African-Caribbean youth celebrated
By Molly Hayes
The Hamilton Spectator (Oct 21, 2012)
For years, Tiana Traficante has used her love of performing to make a difference at her school and in her community.
The Bishop Ryan graduate was recognized this weekend for her hard work in Hamilton, turning her passion into more than 300 volunteer hours.
Traficante was one of 14 recipients of the African Caribbean Cultural Potpourri Inc.’s scholarship this weekend at its 17th annual awards event at the Hamilton Convention Centre.
The best and brightest in Hamilton’s young African-Caribbean community are recognized each year for academic excellence and contributions to the community. To date, more than 150 scholarships and bursaries have been awarded through the ACCPI.
Traficante is now a student at the Berklee College of Music in Boston. She has spent more than 300 hours volunteering for different causes including teaching free classes at the Guava Tree Theatre and Dance Company, and performing at a variety of local charity events.
Winston Vernon: Participated in extracurricular clubs at St. Jean de Brébeuf while also giving his time as an assistant coach for a local minor football team. He is now studying engineering at McMaster.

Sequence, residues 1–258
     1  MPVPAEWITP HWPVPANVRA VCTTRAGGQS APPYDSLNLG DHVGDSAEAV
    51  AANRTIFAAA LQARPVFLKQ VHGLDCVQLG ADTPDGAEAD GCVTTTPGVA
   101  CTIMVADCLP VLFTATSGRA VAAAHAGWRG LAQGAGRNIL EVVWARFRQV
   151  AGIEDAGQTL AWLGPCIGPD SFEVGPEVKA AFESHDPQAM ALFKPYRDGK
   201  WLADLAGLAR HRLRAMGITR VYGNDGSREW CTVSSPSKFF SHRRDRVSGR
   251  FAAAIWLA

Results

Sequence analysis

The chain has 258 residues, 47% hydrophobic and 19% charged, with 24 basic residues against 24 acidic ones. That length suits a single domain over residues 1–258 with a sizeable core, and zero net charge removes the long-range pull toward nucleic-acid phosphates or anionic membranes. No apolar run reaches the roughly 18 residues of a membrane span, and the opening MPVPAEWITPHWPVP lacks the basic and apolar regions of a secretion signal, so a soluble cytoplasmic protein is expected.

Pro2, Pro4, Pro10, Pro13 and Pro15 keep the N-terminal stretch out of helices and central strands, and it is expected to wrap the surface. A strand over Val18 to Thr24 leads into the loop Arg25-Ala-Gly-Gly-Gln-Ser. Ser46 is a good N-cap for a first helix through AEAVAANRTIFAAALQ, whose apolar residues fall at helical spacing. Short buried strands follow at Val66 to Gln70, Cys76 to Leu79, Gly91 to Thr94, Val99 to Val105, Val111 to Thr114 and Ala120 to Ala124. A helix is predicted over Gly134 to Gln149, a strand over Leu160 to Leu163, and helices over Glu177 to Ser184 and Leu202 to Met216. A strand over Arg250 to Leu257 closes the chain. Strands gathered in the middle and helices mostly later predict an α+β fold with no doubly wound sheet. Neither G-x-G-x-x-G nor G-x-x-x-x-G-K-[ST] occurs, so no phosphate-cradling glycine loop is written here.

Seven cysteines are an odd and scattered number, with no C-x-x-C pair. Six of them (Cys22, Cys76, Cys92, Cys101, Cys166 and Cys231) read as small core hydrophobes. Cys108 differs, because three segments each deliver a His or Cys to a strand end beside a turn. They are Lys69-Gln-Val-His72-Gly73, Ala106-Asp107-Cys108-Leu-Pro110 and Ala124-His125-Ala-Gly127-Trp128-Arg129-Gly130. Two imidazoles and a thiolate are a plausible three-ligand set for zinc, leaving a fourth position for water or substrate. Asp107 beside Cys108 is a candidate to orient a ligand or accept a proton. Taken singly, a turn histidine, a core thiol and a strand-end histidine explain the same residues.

Arsema Teclemariam: The St. Thomas More grad has organized events with proceeds going to Haiti and the Dominican Republic while maintaining an exemplary academic record. She now studies life sciences at McMaster.
Alicia Taylor: Played on a number of sports teams while maintaining first-class honour status at Bishop Ryan. She now studies arts and business at the University of Waterloo.
Jyleah Sorzano-Julien: The Cathedral grad played on a number of teams while also volunteering to raise money for treatment for children with cleft palates in developing countries. She now studies criminology at Laurier.
Raheem Aman: Graduated from Cathedral with a 90 per cent average while playing on a number of school sports teams. He also raised more than $2,000 for charity in a single summer. He is studying humanities at McMaster.
Jeremy Kyei: The St. Jean de Brébeuf grad and local church volunteer led a trip to Uganda, visiting several orphanages in the region. He now studies Life Sciences at McMaster.
Khadisha Harvey: Was one of the first female students to join the previously all-male wrestling team at Cathedral. She also worked with the Children’s Literacy Camp and the Out of the Cold program before heading to Queen’s University to study nursing.
Rachel Goodland: The Bishop Tonnos grad has maintained an average of more than 90 per cent throughout high school and received an award for earning the highest marks in law in Grade 11. She’s now studying life sciences at McMaster. email@example.com
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